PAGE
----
Dr Susie O’Neill works with children who are survivors of trauma, supporting their health and wellbeing to lay a path for a better future.

She talks about her foundation, and how we can all help to make the world a better place for our kids.



What inspired you to start the KIDS foundation?

Early in my teaching career, I took my kindergarten group to an aged care centre where I met a young boy being rehabilitated in the facility and sleeping in a ward with elderly men. I was compelled to do something. In 1993 the Foundation was established to support children and young people with horrific injuries and trauma caused by burns, accidents, dog attacks, crime, neglect, abuse, and environmental events. In 2003 at the same aged care centre, I helped create a child friendly facility that today supports approximately 650 children each year. The first young boy to stay there was a burn survivor. When it was time for him to return home there were limited support networks, so I created one – the National Burn Survivors Network. 


Tell me about the prevention programs. What are your main aims when interacting with the schools and education services?

The prevention programs educate and empower children to build a strong sense of identity and wellbeing so that they can keep themselves and others safe, while still allowing them to be kids. We educate children through the KIDS Foundation’s mascot Seemore, and the spread of resources. In 2021 we distributed 465,000 books to children aged 4 to 6 years.



How has being a mum and a qualified teacher changed your perspective on the issues faced by these children?

Being a mum, nanny, and a qualified teacher has shown me just how amazing and curious our children are. They have so much to give, and so much to say. If we empower them through lots of different support options and experiences they can build self-worth, wellbeing, respectful relationships, values, and behaviours that will allow them to become responsible contributors to society.


How important is it to give children agency in their own wellbeing? Do you think it needs to be taught more widely?

It’s very important to give children agency. They’re powerful educators, and can contribute to a more positive society. By combining independence and guidance, there’s no telling what our children are capable of. By teaching this more widely, we can ensure that our children are physically robust, mentally tough and emotionally connected.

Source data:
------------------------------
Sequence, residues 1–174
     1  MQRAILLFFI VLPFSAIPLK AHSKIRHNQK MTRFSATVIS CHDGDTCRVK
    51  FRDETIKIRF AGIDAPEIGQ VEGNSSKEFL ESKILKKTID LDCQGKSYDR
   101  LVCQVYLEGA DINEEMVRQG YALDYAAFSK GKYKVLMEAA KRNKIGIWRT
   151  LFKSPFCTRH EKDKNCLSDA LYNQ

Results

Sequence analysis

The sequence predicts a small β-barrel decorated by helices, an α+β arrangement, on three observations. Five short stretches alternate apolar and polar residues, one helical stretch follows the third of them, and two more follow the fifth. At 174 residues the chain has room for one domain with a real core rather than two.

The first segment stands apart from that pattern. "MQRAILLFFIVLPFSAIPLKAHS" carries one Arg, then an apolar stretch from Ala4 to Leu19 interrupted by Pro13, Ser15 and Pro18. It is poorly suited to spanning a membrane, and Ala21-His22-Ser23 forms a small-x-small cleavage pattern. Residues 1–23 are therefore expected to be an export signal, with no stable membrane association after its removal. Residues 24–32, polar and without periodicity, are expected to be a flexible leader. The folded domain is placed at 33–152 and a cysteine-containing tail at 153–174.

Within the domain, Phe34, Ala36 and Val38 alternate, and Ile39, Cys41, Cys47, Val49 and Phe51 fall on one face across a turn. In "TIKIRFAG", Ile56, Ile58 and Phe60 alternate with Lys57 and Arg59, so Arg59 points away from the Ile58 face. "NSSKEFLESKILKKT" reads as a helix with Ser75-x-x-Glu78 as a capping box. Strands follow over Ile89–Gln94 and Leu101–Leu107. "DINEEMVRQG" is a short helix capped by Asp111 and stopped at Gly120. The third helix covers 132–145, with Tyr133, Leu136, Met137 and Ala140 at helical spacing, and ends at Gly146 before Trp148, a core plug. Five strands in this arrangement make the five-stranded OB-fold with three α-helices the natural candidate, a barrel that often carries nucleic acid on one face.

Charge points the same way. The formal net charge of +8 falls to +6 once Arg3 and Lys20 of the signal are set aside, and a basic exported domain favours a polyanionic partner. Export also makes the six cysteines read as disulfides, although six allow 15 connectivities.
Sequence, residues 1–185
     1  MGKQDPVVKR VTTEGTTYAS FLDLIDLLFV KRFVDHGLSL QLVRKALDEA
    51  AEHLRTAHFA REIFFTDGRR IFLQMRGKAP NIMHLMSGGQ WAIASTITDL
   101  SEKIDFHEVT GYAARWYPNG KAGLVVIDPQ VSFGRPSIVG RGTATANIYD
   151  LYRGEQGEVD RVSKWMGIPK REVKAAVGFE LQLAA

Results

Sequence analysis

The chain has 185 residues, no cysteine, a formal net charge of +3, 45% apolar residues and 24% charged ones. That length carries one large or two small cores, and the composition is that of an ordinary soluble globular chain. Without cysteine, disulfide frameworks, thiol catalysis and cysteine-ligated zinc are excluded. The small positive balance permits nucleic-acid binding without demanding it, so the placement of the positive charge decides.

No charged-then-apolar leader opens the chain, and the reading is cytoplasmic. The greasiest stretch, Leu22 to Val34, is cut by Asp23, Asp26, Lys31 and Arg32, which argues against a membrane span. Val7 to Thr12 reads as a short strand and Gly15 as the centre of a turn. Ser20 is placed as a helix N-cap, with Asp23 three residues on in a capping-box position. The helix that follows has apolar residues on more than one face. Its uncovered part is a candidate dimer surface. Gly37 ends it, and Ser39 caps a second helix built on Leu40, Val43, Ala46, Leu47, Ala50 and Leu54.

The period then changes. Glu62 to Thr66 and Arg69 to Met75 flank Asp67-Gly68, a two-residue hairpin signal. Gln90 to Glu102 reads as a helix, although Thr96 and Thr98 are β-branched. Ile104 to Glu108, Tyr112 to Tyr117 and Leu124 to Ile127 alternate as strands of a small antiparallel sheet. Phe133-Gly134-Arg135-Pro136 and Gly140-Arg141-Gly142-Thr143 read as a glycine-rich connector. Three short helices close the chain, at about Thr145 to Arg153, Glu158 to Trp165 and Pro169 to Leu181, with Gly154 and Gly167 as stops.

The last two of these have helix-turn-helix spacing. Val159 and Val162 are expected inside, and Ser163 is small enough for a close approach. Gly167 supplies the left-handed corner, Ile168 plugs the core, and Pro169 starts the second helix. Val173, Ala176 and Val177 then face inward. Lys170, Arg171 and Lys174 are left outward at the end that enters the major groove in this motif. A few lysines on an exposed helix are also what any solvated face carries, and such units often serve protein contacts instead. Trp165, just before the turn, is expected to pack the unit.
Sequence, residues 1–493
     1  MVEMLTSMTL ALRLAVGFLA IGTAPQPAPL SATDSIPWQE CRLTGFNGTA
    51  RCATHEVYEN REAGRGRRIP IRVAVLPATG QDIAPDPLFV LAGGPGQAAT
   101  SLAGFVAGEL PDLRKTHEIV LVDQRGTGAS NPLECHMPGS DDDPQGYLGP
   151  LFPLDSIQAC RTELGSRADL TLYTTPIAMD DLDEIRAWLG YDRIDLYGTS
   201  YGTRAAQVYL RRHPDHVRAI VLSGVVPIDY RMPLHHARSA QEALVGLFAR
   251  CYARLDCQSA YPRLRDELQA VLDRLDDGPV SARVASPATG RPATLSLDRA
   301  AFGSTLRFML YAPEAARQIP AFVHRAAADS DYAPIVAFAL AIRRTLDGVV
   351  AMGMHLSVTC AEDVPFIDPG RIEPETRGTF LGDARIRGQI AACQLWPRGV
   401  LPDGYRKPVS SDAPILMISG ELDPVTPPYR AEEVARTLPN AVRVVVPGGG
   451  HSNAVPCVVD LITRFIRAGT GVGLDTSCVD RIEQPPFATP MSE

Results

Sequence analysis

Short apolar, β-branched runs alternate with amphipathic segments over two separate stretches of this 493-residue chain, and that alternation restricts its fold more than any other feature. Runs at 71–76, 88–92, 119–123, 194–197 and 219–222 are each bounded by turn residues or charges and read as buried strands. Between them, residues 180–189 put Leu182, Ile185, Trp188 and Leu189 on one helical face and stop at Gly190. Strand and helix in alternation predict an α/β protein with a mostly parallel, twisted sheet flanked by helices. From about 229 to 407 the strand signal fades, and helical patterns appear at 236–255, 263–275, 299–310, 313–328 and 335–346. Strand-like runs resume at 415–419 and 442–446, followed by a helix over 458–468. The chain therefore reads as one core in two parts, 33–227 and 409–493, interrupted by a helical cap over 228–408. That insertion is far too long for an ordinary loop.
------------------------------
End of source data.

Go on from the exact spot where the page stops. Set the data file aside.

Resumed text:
One of your upcoming books, When bad things happen…good things can grow, deals with survivor stories from people who’ve suffered trauma, abuse, and burns. What have these first-hand accounts taught you about life-changing injuries?

The children and young people we work with have the most uplifting stories of transformation, determination, and resilience. Working with hundreds of survivors of unbelievable trauma has shown me the capability for individuals to have incredible courage and strength. 


Your other upcoming book, Let Kids be Kids, is a guide for parents and caregivers trying to give their children a voice. How can we as a community better support our children and their wellbeing?

A lack of independence, the loss of physical connection with others, and increased screen time can affect the well-being of our kids. If we don’t address this, we might be encouraging a generation lacking in emotional, social, and physical skills they need to be competent adults. Thinking about a child’s wellbeing, health and happiness can enrich their lives and experiences. This can be achieved by encouraging our children to do things for themselves, and letting them explore the world.



What’s next for you and your foundation?

The next project is very much centred around the horse-human connection and the role it can play in positive mental health and wellbeing in Australian children. The program addresses the mental health issues experienced by children following traumatic events through an equine therapeutic concept that will deliver services, and resources for improving childhood wellbeing founded on strong research-based evidence. 

My other dream is to open a SeeMore’s Early Learning Centre for little people, offering a unique and innovative ‘Pre-Prep’ school readiness program. The program would specialise in providing support to the children who need it most.


The KIDS foundation is doing some great work. For more on Aussies making a difference, click here.